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This is a list of United States Code sections, Statutes at Large, Public Laws, and Presidential Documents, which provide rulemaking authority for this CFR Part.
This list is taken from the Parallel Table of Authorities and Rules provided by GPO [Government Printing Office].
It is not guaranteed to be accurate or up-to-date, though we do refresh the database weekly. More limitations on accuracy are described at the GPO site.
§ 70102 - United States facility and vessel vulnerability assessments
§ 70103 - Maritime transportation security plans
§ 70104 - Transportation security incident response
§ 70105 - Transportation security cards
§ 70106 - Deployable, specialized forces
§ 70117 - Repealed. Pub. L. 111–281, title II, § 208(b), Oct. 15, 2010, 124 Stat. 2912]
§ 114 - Transportation Security Administration
§ 40113 - Administrative
§ 44901 - Screening passengers and property
§ 44902 - Refusal to transport passengers and property
§ 44903 - Air transportation security
§ 44904 - Domestic air transportation system security
§ 44905 - Information about threats to civil aviation
§ 44906 - Foreign air carrier security programs
§ 44907 - Security standards at foreign airports
§ 44913 - Explosive detection
§ 44914 - Airport construction guidelines
§ 44916 - Assessments and evaluations
§ 44917 - Deployment of Federal air marshals
§ 44918 - Crew training
§ 44935 - Employment standards and training
§ 44936 - Employment investigations and restrictions
§ 44942 - Performance goals and objectives
§ 46105 - Regulations and orders
Title 49 published on 09-Jun-2018 04:52
The following are ALL rules, proposed rules, and notices (chronologically) published in the Federal Register relating to 49 CFR Part 1520 after this date.
The Transportation Security Administration (TSA) is withdrawing its rulemaking concerning the proposed establishment of a large aircraft security program (LASP). TSA published a notice of proposed rulemaking (NPRM) for LASP on October 30, 2008. In the NPRM, TSA proposed that certain private and corporate aircraft operations should adopt security standards similar to those of commercial aircraft operations, including the use of security programs, crew vetting, and passenger watchlist matching. The NPRM also proposed new requirements for airports that serve the private and corporate operations. TSA held a series of public meetings and reviewed more than 7,000 public comments submitted in response to the NPRM. Based on all of the information received and a re-evaluation of the proposal in light of risk-based principles, TSA has decided not to pursue this rulemaking at this time.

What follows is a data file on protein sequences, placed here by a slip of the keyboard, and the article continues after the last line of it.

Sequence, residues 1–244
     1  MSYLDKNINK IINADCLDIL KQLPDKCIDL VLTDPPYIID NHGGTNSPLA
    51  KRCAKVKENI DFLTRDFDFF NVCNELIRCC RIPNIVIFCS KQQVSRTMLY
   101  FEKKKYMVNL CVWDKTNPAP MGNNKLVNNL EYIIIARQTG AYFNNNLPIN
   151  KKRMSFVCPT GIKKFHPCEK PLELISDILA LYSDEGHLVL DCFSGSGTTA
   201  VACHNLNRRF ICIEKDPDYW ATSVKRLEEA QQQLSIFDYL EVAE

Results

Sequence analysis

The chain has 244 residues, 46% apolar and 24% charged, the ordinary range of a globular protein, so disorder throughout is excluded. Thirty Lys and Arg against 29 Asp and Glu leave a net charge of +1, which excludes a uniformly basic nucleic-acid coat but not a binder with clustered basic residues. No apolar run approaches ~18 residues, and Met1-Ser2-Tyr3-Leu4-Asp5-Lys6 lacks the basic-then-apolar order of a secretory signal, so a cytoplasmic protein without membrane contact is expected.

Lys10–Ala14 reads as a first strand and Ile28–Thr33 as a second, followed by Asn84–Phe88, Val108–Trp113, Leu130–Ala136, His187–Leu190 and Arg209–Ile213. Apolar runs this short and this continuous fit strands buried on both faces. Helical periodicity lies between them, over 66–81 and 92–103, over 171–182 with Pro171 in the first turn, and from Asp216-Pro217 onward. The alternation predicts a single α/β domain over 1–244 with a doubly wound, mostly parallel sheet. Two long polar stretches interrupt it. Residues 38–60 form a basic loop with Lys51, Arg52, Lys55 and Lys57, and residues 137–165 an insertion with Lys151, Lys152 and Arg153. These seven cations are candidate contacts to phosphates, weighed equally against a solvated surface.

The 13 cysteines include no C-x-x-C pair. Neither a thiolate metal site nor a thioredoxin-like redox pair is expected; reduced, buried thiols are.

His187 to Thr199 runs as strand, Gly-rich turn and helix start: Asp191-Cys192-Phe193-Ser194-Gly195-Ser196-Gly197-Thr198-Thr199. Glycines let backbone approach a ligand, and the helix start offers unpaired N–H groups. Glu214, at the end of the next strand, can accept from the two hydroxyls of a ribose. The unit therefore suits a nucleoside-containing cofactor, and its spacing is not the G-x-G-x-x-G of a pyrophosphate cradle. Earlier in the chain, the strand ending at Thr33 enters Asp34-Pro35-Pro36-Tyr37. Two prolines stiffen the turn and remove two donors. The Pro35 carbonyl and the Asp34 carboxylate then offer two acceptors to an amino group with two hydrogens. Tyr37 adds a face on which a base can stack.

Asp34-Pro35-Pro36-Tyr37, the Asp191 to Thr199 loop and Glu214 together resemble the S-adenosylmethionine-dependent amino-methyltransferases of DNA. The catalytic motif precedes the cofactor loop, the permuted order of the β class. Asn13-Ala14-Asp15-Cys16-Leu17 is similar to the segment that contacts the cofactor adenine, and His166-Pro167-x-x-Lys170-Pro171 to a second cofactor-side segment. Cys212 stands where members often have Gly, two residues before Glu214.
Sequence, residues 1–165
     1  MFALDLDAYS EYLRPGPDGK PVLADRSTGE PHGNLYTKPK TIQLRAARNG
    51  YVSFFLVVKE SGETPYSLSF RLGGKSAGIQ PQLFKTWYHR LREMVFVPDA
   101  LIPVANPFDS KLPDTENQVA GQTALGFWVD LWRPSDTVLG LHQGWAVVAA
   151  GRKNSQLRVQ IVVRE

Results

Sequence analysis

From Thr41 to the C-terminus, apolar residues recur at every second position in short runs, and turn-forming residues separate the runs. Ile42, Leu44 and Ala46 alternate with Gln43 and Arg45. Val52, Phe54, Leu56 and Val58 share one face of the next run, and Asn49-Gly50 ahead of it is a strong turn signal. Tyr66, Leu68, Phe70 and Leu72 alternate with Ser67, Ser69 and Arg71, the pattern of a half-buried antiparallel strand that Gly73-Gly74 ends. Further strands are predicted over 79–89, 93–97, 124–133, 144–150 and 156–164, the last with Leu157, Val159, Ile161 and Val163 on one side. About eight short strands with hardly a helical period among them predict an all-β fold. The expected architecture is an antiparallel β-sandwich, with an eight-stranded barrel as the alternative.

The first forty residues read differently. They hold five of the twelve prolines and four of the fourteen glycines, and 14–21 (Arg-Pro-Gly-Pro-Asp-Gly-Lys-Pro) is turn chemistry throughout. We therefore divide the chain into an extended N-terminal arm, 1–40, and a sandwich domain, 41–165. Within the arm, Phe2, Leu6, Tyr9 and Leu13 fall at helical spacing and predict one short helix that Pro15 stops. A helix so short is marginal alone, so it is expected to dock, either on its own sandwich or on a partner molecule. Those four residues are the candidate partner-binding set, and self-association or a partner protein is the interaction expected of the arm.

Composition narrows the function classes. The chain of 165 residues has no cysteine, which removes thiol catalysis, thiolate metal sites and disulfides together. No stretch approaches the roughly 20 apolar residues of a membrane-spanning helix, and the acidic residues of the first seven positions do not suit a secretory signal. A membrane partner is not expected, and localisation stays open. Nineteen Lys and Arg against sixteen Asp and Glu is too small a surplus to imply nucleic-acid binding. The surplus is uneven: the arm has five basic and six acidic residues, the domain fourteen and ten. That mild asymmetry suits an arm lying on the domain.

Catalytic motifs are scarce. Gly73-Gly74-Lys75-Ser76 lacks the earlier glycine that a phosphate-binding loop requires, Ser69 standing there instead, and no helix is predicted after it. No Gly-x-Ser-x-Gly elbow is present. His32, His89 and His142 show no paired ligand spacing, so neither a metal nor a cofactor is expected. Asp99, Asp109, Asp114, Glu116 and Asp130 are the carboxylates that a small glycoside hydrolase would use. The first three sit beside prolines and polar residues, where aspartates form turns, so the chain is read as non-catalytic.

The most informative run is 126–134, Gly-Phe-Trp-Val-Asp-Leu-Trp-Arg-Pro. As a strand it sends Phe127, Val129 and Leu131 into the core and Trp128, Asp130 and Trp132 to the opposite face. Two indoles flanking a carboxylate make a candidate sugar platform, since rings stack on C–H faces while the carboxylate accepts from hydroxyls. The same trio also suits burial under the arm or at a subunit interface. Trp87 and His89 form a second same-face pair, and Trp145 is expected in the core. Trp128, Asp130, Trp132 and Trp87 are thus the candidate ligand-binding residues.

The Transportation Security Administration (TSA) is proposing to require security training for employees of higher-risk freight railroad carriers, public transportation agencies (including rail mass transit and bus systems), passenger railroad carriers, and over-the-road bus (OTRB) companies. Owner/operators of these higher-risk railroads, systems, and companies would be required to train employees performing security-sensitive functions, using a curriculum addressing preparedness and how to observe, assess, and respond to terrorist-related threats and/or incidents. As part of this rulemaking, TSA would also expand its current requirements for rail security coordinators and reporting of significant security concerns (currently limited to freight railroads, passenger railroads, and the rail operations of public transportation systems) to include the bus components of higher-risk public transportation systems and higher-risk OTRB companies. TSA also proposes to make the maritime and land transportation provisions of TSA's regulations consistent with other TSA regulations by codifying general responsibility to comply with security requirements; compliance, inspection, and enforcement; and procedures to request alternate measures for compliance. Finally, TSA is adding a definition for Transportation Security-Sensitive Materials (TSSM). Other provisions are being amended or added, as necessary, to implement these additional requirements. While TSA will review and consider all comments submitted, TSA invites responses to a number of specific questions posed in the preamble of the NPRM. See the Comments Invited section under SUPPLEMENTARY INFORMATION that follows.